Political RoundUp: January 2006

Beating about the Bush: It would be hard to find an area of Georgia more in tune with the politics of President Bush than the newly redrawn 8th Congressional District, which covers a large swathe of Middle Georgia and is filled with the kinds of conservative, rural voters who gave heavy support to Sonny Perdue in 2002 and Bush in 2004. All the more surprising, then, to see results of an independent poll of 8th District voters conducted by Chris Grant, a political science professor at Macon's Mercer University. Grant's poll showed 35 percent of the respondents thought Bush was doing a good job while 40 percent said he was doing a bad job. Those are similar to the approval numbers Bush has been registering in Democratic-leaning states like California and Pennsylvania. "The 8th District is thinking like the rest of the nation on President Bush," Grant said.



Back from Baghdad: Bush's low approval numbers are attributed to public disenchantment with the situation in Iraq, but that doesn't seem to be worrying Gov. Sonny Perdue, who visited Iraq over Thanksgiving week with three other governors. Perdue says his visit convinced him the country will successfully make the transition to a democratic form of government. "I think Americans are voicing their opinions based on what they've been told," Perdue said after returning to Georgia. "I think frankly, if every American could have the same advantage of the trip that I had, that virtually all of them would come away with the same conclusion."



Calling all cars: The auto assembly plant DaimlerChrysler once talked about locating in Chatham County will instead be opened in North Charleston, S.C. That corporate decision is a big disappointment for Georgia, which will lose another major source of automotive jobs when GM closes Doraville plant. It also means the state has little to show for the estimated $60 million it invested to purchase and prepare the 1,600-acre site in Chatham that was intended for Daimler. But the site is still attracting interest from other prospects, economic development officials said.



Sickout?: State employees and teachers were more than a little annoyed when the contract to administer the State Health Benefits Plan, which provides their health insurance coverage, was switched to United Healthcare. United ran into problems negotiating with physicians and hospitals to join the network of providers for the health insurance plan, leaving some teachers facing the prospect of driving more than 100 miles to see a doctor. Teachers were so angry about that development that some even talked about staying home from work as part of a sickout. "That's a recipe for disaster, with payback at the polls," said an education lobbyist.



A sober realization: Can't a legislator have a few drinks and still drive? Maybe not. Rep. Rob Teilhet (D-Smyrna) is introducing a constitutional amendment that, if adopted, would eliminate "legislative immunity" from arrest during a General Assembly session. Teilhet introduced his measure in response to the DUI prosecutions of Rep. David Graves (R-Macon), who was arrested on drunk driving charges during the 2004 and 2005 sessions. Graves' attorney tried to argue that the lawmaker should not have been arrested because of his legislative immunity, a line of argument that was eventually dropped. Teilhet's measure would strike the legislative immunity provision from the state constitution.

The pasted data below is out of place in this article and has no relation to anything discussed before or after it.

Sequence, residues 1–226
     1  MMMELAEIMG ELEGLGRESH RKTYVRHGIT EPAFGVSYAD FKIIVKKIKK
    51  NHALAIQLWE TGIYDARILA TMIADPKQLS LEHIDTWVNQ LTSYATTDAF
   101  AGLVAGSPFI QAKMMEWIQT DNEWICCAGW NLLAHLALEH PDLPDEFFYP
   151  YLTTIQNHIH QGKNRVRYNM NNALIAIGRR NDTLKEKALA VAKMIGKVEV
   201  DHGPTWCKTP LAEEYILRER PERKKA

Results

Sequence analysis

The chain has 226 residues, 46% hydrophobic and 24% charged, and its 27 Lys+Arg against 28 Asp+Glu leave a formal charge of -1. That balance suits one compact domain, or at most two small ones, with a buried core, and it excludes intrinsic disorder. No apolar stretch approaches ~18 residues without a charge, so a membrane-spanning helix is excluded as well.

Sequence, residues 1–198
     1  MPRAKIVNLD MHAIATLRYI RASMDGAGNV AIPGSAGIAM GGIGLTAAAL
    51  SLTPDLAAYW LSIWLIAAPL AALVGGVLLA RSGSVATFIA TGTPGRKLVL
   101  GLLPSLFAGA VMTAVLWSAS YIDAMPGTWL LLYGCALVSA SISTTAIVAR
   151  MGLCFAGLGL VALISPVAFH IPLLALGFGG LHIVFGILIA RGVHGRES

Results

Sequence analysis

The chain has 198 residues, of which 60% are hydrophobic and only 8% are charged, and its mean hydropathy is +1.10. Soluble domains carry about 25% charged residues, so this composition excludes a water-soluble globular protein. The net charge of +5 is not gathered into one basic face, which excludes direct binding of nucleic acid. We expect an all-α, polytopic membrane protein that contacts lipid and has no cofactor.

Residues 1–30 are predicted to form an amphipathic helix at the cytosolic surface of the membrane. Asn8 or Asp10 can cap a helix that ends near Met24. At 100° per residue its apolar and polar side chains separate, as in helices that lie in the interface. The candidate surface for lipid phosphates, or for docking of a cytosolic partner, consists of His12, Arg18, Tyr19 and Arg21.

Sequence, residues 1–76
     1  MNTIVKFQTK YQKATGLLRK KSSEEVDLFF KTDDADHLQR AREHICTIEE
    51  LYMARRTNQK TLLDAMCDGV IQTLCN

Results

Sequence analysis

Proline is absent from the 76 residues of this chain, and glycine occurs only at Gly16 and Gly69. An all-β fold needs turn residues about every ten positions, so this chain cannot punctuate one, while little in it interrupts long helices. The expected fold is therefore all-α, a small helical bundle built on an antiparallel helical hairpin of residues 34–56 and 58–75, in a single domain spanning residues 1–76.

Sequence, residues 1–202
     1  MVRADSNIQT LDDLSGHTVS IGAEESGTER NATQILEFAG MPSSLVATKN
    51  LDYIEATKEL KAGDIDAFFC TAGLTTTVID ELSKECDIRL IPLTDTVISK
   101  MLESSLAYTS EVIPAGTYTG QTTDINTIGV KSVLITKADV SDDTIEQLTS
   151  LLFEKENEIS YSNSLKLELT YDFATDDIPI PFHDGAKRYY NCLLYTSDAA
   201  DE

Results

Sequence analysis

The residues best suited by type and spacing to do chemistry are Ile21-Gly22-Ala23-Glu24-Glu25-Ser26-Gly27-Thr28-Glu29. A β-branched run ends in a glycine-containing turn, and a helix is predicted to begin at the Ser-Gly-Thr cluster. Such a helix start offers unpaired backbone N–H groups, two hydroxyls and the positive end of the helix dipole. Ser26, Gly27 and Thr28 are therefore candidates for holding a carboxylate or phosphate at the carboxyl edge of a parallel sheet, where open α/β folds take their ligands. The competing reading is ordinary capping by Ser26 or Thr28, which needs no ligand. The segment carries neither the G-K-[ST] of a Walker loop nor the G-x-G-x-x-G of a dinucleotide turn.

Moving on: Bobby Lenihan, the revenue department's legislative lobbyist for more than 20 years, has decided to retire from state government effective Jan. 31. He will continue to lobby for the department through March 31.



Rest in peace: Ray Crawford, the highly respected director of the State Properties Commission and the Georgia Building Authority, died unexpectedly of heart attack while on a Thanksgiving week hunting trip. Death also claimed Hugh Logan, who served as a Clarke County commissioner and member of the Georgia House of Representatives for more than four decades. Also passing away was Dotti Crews, a Georgia State University official who served as an aide to former congressman Ben Jones, former insurance commissioner Tim Ryles, and former Gov. Roy Barnes.



Second chances: The state Board of Education has approved a waiver process that will allow students who just miss passing one or two sections of the high school graduation exam to receive a diploma anyway. The new rule touches on a sensitive issue to many educators and could become a topic of discussion in the 2006 elections. Some teachers say that students who don't speak English as their first language are at a disadvantage when taking the high school graduation exam and need to be cut a little slack. Other educators are concerned that the new rule could lower the standards for receiving a high school diploma.



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